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In the latest chapter of the property's short but chequered history, the controversial Megaupload founder has shelved plans to buy the expansive 60ha rural block on Auckland's northern fringes and is preparing to move into a waterfront penthouse apartment on fashionable Princes Wharf.
The house was the country's most expensive when it was built for an estimated $30 million in 2006 by Chrisco hamper empire founders Richard and Ruth Bradley.
It has six bedrooms, a tennis court and swimming pool.
The Bradleys, who have since separated, moved to Sydney in 2008 and the property was empty for two years until Dotcom moved in, paying $1m a year in rent.
Under the terms of the lease, he has to move out as he can't afford to buy the property. He is preparing to downsize to a four-bedroom apartment in central Auckland.
"I told my oldest I am going to move and she cried and asked why."
Dotcom said he was doing all he could to ensure his children's lives were disrupted as little as possible.
They would attend the same school and pre-school and their nannies would still help care for them. His estranged wife Mona would remain living in Coatesville, next to the mansion.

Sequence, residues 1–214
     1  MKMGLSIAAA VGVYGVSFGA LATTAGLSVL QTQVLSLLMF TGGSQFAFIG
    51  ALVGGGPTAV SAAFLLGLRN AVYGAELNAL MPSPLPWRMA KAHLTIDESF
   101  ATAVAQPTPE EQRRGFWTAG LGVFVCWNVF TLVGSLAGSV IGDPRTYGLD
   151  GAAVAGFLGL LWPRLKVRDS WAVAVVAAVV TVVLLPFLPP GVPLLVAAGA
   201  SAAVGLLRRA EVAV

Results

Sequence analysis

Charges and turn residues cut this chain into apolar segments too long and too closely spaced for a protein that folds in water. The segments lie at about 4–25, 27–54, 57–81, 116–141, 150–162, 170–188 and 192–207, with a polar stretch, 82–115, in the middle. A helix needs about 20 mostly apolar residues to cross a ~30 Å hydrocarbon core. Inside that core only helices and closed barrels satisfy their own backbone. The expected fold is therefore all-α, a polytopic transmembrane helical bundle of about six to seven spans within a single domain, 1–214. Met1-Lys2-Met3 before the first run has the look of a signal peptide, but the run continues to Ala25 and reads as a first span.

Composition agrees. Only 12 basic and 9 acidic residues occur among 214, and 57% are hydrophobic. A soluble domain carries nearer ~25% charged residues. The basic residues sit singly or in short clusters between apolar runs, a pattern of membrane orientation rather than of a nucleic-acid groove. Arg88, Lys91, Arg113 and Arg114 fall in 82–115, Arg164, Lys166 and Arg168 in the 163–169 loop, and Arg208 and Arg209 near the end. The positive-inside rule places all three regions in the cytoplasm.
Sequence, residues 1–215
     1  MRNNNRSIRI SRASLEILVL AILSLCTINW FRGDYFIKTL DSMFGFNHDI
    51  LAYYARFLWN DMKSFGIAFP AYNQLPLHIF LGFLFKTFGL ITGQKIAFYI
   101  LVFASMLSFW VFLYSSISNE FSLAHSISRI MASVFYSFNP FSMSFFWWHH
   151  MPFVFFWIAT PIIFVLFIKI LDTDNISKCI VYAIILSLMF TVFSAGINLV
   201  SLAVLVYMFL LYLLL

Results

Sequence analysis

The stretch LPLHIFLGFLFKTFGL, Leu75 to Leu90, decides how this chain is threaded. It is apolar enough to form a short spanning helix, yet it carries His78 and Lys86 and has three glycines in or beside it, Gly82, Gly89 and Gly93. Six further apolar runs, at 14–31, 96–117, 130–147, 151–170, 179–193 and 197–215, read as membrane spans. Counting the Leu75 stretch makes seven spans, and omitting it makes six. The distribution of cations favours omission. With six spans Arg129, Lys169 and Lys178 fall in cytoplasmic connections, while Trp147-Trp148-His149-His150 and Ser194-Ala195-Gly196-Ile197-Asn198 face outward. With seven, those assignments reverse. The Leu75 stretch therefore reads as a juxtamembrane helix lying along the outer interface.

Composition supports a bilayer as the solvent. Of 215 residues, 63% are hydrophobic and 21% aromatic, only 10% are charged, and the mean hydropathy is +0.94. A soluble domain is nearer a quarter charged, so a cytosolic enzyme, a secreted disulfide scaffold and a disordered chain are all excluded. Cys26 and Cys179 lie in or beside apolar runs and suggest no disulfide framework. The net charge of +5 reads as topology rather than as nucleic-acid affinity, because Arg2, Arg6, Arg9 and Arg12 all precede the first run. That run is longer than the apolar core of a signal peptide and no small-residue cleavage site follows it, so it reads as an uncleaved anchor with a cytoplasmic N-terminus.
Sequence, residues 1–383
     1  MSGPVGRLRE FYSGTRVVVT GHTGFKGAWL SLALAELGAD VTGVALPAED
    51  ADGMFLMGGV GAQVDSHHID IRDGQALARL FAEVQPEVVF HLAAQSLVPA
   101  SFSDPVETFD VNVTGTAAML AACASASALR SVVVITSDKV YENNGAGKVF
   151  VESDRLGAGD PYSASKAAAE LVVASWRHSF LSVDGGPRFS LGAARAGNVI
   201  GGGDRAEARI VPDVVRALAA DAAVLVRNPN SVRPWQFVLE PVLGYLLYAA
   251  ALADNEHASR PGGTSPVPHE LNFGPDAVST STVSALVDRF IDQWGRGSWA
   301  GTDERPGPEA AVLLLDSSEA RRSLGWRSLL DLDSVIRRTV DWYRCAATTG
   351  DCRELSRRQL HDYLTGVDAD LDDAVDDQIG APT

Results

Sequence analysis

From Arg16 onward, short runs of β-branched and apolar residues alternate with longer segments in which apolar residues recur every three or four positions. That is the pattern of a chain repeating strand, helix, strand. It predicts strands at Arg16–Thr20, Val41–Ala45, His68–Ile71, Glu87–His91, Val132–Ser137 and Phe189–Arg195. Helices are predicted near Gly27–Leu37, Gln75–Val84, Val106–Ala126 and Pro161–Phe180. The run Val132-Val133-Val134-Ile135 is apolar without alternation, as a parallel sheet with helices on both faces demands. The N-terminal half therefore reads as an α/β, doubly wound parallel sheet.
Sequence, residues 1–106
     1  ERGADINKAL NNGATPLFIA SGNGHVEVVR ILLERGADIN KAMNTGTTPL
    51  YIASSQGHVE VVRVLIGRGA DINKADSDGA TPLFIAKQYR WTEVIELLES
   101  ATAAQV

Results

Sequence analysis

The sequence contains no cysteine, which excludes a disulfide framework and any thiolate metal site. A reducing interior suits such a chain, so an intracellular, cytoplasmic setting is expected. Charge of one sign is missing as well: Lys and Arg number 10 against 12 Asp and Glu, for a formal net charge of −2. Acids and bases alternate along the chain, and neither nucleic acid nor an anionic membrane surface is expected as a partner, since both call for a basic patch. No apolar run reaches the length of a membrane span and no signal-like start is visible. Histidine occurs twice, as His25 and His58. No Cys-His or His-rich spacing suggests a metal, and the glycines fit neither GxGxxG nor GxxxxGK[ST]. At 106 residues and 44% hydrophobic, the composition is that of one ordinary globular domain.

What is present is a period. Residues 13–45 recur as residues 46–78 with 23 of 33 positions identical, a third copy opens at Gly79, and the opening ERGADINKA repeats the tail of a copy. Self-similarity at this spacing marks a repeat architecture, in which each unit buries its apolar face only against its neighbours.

The tech entrepreneur is embroiled in an extradition hearing in the Auckland District Court, fighting being sent to the United States to face copyright violation, money-laundering and racketeering charges.
He said although he was unable to buy the mansion and surrounding properties before a February deadline in his lease agreement, there was provision in the original $30m lease-to-buy deal to nominate a buyer.
"A number of people have looked at this place and want to take over my option and utilise that to make a profit."
However Dotcom said he was determined to one day buy the sprawling 2300sq m mansion for the sake of his five children. "This is where my kids have spent the past five years. Just because I'm forced to leave now does not mean I will not try to get it back for them."
Even the "dark stain" of the 2012 police raid had not deterred the tycoon from wanting to stay in one of the country's grandest homes.
Losing the home had been a bitter pill, he said. "I fought hard to be able to retain this for my family," he said.
"When I couldn't do it with the court funds that were made available I started a new business and I built that primarily to be able to pay my legal fees and be able to keep this home for my family.
"After almost four years to have to lose that battle now and leave my home, makes me sad."
He said he would shift to his new waterfront home later this month.
"It's significantly more humble than what I am used to but that's okay. I am also not living with a partner any more, we have reduced our staff numbers significantly and this place feels a little bit big now."
Bradley did not respond to requests for an interview.
- by Lynley Bilby, Herald on Sunday